The program, Advancing Standards of Care for People with
Schizophrenia, was spearheaded by the National Council for Community
Behavioral Healthcare, also known as the National Council.
Health Centers of Central Illinois, which has served central
Illinois for 65 years, had 42 individuals participate in the
program. Since more than 5.5 percent of those served at MHCCI, or
nearly 250 individuals each year, are diagnosed with schizophrenia
or schizoaffective disorder, this makes the pilot program a
particularly valuable endeavor.
"We are all adapting to health care system changes that recognize
the value of care over volume of care," said Jan Gambach, president
of MHCCI and system administrator of behavioral health for Memorial
Health System. "This program provided both effective tools for those
we serve and a way to demonstrate improvements in care."
The program revolved around two evidence-based tools: a group
curriculum, which helps adults better understand and self-manage
their mental health condition; and a functional assessment tool,
which tracks a person's ability to independently carry out everyday
tasks, including nutrition and money management. The tools encourage
participants to take control of their mental illness, discuss it
with others and monitor progress. Participants said they found this
helpful in addressing the misconceptions others may have about them.
According to 24-year-old Demetrius Kremitzki, who participated in
the program at MHCCI, it helped him learn more about symptoms from
his illness, set new goals for his future and develop action steps
to accomplish them.
"They helped me get access to more information. I am learning
about schizophrenia, the illness itself, and how the medicine works
for me," Kremitzki said. "The group is helping me recover and become
part of the community."
Gambach also believes that the program's success has potential to
leave a positive effect on Springfield and other communities
throughout central Illinois.
"This program is showing how people with schizophrenia can become
more independent and productive in their daily functioning," she
explained. "That makes them better prepared to manage their mental
and physical health, and helps reduce the amount of time they might
otherwise spend in emergency care. It also potentially represents
progress in confronting the lack of understanding of schizophrenia
faced by people with the mental illness. That's a true step forward,
not only for our clients and the professionals who care for them,
but also the community as a whole."
The 10 pilot sites
started with a total of 568 clients in December 2010.
The average age of
participants was 45.7 years, many of whom had already been in
treatment for years.
20 percent of
participants scored an "inability to function in all areas" on
the pre-interventional functional assessment.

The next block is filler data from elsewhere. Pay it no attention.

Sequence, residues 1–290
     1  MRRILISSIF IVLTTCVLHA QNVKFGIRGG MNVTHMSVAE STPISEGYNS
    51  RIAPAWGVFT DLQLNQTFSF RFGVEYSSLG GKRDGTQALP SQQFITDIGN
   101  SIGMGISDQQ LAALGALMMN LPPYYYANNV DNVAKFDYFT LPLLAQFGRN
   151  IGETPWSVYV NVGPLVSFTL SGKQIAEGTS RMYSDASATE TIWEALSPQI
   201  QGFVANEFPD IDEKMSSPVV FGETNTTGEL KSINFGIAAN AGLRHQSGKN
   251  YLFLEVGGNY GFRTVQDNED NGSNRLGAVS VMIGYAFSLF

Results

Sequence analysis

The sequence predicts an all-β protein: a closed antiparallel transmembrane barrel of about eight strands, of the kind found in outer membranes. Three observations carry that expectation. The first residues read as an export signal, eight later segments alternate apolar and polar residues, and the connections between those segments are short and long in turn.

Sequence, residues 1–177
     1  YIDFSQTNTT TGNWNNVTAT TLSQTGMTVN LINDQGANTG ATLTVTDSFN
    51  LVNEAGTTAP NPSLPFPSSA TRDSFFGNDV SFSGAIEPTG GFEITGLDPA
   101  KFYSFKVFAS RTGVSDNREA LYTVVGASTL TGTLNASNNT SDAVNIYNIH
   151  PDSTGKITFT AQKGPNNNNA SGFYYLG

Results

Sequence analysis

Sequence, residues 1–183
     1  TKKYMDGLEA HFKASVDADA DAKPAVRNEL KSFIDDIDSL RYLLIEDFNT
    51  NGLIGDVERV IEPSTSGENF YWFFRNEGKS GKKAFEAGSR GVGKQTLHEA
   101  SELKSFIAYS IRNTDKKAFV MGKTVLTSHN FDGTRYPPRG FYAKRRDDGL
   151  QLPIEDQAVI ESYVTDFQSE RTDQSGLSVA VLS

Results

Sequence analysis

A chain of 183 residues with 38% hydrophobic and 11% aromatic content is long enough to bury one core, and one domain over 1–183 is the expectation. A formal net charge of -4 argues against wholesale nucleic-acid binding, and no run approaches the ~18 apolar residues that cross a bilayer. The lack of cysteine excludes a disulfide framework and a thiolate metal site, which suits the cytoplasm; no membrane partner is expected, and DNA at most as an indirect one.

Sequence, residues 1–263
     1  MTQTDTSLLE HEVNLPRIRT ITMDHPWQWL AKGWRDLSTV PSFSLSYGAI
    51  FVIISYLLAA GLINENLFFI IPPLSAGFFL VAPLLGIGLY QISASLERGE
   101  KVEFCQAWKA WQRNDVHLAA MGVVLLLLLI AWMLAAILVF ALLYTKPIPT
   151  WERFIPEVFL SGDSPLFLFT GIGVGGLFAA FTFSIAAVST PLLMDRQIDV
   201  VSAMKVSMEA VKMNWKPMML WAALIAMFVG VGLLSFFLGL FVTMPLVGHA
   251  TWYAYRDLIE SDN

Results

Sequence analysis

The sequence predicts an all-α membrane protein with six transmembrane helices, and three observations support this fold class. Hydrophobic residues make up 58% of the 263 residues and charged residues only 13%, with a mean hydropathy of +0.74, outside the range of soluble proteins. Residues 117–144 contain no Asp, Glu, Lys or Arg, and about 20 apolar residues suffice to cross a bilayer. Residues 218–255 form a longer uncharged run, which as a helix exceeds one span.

50 percent of
participants scored "major impairment" in at least five critical
areas of functioning in daily activities.
cumulative functional score from all participants rose from an
initial 37.76 to 41.07 over the course of six months.
Overall, there was
a statistically significant gain in three sub-scales:
communications, interaction with one's social network and coping
There was an
overall attrition rate of 48 percent, consistent with
community-based treatment protocols.
[to top of second column]
A list of
pilot sites in the Advancing Standards of Care for
People with Schizophrenia program and the
outcomes report are
available on the National Council website.
Funding for the Advancing Standards of Care pilot program was
made possible through a grant from Sunovion Pharmaceuticals Inc.
Mental Health Centers of Central Illinois, a Memorial Health
System affiliate, is a private, not-for-profit organization that has
provided high-quality, comprehensive behavioral health and
rehabilitation services throughout central Illinois for more than 65
years. MHCCI offers individualized psychiatric and therapeutic
services for serious life problems and the persistent mental or
emotional disorders of children, adolescents and adults. Learn more
Schizophrenia is a brain disorder that can impair a person's
ability to think clearly and relate to others. People with
schizophrenia may become withdrawn or have difficulty in everyday
situations. Schizophrenia typically develops in adolescence or early
adulthood, although it may occur later in life. Schizophrenia varies
in severity, can be treated, and recovery is possible.
The National Council is a not-for-profit, 501(c)(3) association
of 1,950 community health care organizations that provide treatment
and rehabilitation for mental illnesses and addiction disorders to
nearly 6 million adults, children and families in communities across
the country. Learn more at
Sunovion is a leading pharmaceutical company dedicated to
discovering, developing and commercializing therapeutic products
that advance the science of medicine in the central nervous system
and respiratory disease areas and improve the lives of patients and
their families. Sunovion is an indirect, wholly-owned subsidiary of
Dainippon Sumitomo Pharma Co. Ltd. More information is available at
[Text from file received from
Mental Health Centers of Central Illinois]